Thursday, July 10, 2008

Alternative energy: not as easy as it sounds?

Five and a half years ago, Pegasus Communications published my Out of Gas: A Systems Perspective on Potential Petroleum-Fuel Depletion. If you try out the downloadable model (see the column for instructions), you will discover my concern that we wouldn't start soon enough or be able to move fast enough to replace petroleum. Such delays could have a significant, perhaps massive, impact on society and on our economies.

Yesterday Forbes published America's Best Places For Alternative Energy and noted SRI's estimates that we need "[r]oughly 4.2 billion solar rooftops, 3 million wind turbines, 2,500 nuclear power plants or 200 Three Gorges Dams" to replace the amount of oil we use annually and that "no single category of renewable energy is growing anywhere near the speed it needs to bear the full brunt of displacing carbon-emitting fossil fuels anytime soon."

So my simple concept model identified a problem that's substantiated by more research at SRI (and by our daily experience, for if alternative energy sources were fully replacing petroleum, would we see overall energy price increases?).

That's part of the message of Is predicting the future really worthwhile?. My simple model didn't predict the future.

  • It did identify past patterns of action that could credibly lead to a problem.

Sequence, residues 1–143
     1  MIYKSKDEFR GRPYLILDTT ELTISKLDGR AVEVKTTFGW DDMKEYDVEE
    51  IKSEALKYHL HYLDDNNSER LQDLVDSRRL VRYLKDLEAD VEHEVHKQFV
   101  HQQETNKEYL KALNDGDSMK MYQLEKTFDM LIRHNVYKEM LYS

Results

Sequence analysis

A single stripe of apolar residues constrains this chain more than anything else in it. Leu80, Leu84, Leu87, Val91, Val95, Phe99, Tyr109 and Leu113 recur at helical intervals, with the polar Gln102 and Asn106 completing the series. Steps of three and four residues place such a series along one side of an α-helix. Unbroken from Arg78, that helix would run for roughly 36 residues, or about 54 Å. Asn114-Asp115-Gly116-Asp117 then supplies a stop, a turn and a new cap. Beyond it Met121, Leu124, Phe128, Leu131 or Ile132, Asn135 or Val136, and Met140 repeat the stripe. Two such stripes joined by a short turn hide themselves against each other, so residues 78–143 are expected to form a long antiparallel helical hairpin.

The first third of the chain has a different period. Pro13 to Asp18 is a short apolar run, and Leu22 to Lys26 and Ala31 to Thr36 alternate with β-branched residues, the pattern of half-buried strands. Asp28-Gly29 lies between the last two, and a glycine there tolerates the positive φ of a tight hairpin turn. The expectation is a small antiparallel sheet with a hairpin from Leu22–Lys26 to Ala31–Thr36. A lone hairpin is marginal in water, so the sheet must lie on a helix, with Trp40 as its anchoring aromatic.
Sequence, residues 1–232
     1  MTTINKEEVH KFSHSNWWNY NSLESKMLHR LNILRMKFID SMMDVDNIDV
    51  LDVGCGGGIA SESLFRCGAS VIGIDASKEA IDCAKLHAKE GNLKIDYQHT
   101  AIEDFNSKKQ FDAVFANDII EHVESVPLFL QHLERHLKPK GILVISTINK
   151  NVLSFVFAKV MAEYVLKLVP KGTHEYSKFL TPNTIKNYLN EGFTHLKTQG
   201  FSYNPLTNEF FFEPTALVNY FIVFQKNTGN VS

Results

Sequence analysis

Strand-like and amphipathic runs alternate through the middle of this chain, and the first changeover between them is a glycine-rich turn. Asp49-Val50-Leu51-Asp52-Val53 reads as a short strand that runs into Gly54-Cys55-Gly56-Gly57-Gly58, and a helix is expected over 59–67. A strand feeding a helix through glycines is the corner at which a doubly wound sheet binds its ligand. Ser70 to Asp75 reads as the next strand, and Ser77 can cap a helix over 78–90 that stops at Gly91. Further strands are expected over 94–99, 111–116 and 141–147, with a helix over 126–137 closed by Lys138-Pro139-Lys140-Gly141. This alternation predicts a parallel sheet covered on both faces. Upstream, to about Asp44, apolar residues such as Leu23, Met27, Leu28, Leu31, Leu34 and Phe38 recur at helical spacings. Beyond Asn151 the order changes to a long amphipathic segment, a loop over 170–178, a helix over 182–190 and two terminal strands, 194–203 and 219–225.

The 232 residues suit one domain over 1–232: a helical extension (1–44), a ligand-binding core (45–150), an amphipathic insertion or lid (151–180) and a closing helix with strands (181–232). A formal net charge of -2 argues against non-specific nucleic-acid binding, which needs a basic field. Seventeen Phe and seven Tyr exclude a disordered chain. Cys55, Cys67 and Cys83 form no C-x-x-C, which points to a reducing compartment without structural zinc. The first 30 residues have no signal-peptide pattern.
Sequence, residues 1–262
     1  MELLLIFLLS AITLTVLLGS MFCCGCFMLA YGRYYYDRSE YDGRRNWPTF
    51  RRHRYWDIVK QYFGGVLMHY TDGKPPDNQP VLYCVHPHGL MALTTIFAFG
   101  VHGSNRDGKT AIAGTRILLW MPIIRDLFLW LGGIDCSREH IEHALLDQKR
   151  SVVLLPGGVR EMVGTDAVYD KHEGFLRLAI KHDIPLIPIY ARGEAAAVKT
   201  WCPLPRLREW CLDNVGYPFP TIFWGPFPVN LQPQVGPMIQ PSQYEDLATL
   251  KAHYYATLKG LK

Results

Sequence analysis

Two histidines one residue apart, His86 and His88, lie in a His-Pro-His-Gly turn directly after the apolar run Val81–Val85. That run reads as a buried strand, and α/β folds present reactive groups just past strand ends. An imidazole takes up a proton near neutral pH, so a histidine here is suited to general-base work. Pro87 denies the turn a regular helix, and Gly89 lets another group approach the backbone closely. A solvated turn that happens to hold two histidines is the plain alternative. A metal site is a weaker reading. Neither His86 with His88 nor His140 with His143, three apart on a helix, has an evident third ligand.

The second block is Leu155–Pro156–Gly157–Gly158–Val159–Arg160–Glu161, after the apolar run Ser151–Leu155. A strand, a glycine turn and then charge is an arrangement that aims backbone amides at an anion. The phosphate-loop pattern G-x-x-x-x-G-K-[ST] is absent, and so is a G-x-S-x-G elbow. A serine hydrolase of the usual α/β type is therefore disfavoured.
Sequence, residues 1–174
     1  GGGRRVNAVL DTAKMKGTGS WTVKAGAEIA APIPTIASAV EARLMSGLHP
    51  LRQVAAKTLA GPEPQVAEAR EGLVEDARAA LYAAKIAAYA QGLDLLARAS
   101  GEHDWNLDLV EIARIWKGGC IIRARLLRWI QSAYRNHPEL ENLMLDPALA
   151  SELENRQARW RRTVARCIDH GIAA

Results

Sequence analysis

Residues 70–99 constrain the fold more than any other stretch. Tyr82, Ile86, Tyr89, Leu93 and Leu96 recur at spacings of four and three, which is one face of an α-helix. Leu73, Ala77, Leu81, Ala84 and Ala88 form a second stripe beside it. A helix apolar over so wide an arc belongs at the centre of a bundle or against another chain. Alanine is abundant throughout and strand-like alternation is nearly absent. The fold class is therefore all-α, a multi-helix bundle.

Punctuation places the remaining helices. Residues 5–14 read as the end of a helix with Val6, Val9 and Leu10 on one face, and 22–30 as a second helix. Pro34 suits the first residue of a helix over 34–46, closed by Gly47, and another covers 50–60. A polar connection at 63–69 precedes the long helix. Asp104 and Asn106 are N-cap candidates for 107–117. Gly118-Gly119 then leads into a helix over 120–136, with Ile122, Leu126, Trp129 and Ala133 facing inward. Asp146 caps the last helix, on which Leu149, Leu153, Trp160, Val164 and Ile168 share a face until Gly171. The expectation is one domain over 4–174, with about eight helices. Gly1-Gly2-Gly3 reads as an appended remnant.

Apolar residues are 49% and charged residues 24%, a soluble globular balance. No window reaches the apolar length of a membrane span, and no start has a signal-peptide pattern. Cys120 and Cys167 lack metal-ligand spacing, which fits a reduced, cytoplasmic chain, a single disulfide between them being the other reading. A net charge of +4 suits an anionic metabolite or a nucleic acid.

• It did use information that's known reasonably well (quantities of petroleum, even admitting that we don't know reserves as well as we'd like, as well as something about the dynamics of petroleum discovery and use) and apply simulation to explore what ramifications those factors might have over time.
  • It did allow one to try different scenarios to see whether one's conclusions were sensitive to assumptions. For example, does it make a fundamental difference if petroleum reserves are 25% higher than assumed? (No, it just changes the timing of the problem.)
  • It did provide a test bed for exploring strategies to see which might be more effective.

More research (in this case, in the form of the SRI study) substantiates the nature of the problem and helps us understand its magnitude and timing.

What systems are at work in your organization, your business, or your part of the world that might lead to consequences you don't want? How might you test your ideas? What can you change that might lead to better results? How might you test those ideas?

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Blogger Ralf Lippold said...

Hi Bill,

John Sterman has held a brilliant speech at MIT on a similar topic:

Best regards


10 July, 2008 14:04  
Blogger Bill Harris said...

Thanks, Ralf; that's a very good pointer. Do you happen to know who is in the audience?

10 July, 2008 17:36  
Blogger Ralf Lippold said...

Hi Bill,

it must be all MIT folks (professors and students) to my knowledge.

Best to ask John;-)

See you


13 July, 2008 14:42  

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